In response to an earlier blog post on marketing experiments, we noted that young creative researchers are working with NGOs to try out new innovative ways to alleviate poverty and spur development. A reader wrote with the following question:
I have been thinking about marriage recently. No, not about my own marital status, but marriage among school-age girls and its effects on future outcomes… While many arguments are made to curb teen marriages (and pregnancies), it is not clear whether these events themselves are the cause of poor future outcomes or they are simply correlated with other background characteristics that are prognostic of future outcomes. A brief survey of the literature indeed suggests that the evidence is mixed; especially when it comes to the effects of teen childbearing on future outcomes.
My last post discussed an example of a system intervention (improvements to the pharmaceutical supply chain) and the not uncommon inferential challenge of low power from relatively few units of observation.
More than Good Intentions: How a new economics is helping to solve global poverty is a personalized helicopter tour of many recent randomized controlled trials (RCTs) in developing countries. It is written by Dean Karlan, who has been a researcher in many of these experiments, and Jacob Appel, who worked for Dean in implementing many of these experiments in Ghana.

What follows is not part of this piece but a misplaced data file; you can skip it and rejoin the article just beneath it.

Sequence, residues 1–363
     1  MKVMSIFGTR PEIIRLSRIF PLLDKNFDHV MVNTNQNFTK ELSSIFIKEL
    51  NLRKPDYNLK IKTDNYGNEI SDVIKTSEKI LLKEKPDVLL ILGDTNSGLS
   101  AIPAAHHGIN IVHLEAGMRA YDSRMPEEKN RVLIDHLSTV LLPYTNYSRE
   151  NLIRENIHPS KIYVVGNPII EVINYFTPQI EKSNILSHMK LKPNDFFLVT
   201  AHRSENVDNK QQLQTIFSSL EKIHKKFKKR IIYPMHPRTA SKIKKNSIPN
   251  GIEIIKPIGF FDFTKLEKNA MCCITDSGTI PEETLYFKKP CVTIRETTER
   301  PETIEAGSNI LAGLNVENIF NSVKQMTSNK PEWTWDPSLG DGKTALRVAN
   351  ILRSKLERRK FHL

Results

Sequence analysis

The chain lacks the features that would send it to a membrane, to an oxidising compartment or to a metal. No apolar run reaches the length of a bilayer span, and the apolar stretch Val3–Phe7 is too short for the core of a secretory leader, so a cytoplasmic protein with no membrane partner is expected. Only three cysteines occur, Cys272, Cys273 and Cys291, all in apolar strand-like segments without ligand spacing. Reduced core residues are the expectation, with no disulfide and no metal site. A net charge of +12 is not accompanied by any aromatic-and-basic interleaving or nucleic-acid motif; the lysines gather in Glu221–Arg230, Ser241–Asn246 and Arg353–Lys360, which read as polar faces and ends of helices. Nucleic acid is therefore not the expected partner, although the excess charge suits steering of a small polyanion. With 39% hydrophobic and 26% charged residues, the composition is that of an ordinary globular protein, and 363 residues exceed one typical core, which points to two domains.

Update: Lant Pritchett has kindly responded to my invitation and posted his thoughts: "No need for unmet need." Check out the comments section.
A quick look at the burgeoning literature on policy evaluations will reveal a preponderance of evaluations of demand side schemes such as conditional cash transfers. There is an obvious reason for this beyond the promise that such interventions hold: the technology of treatment allows for large sample randomized evaluations, either at the household or community/village level. As long as financing is sufficient to sample an adequate number of study units, study power will not be a concern.
As those of you who follow the blogosphere on development economics may have heard, Chris Blattman and Jeannie Annan had a healthy baby born this past Sunday. The mother and the baby are reported to be happy and healthy. We send Chris, Jeannie, and little Amara our best wishes.
You can read Chris' blog here.
In some joint work with an African government, my colleagues Francisco Campos, Jessica Leino and I were trying to evaluate the impacts of one of their support programs for small businesses. This service was open to anyone who contacted them, but the number of entrepreneurs who knew about the program (and hence who used it) was low. Basically, the way the program worked was that when the entrepreneur came into the office and registered for the program, the implementing agency would assess the needs of the business and then provide the entrepreneur with subsidized access to
There are now a variety of well-known experimental and non-experimental methods that economists use to learn whether a given program works or not. However, our tools for learning why or why not something works are much more limited.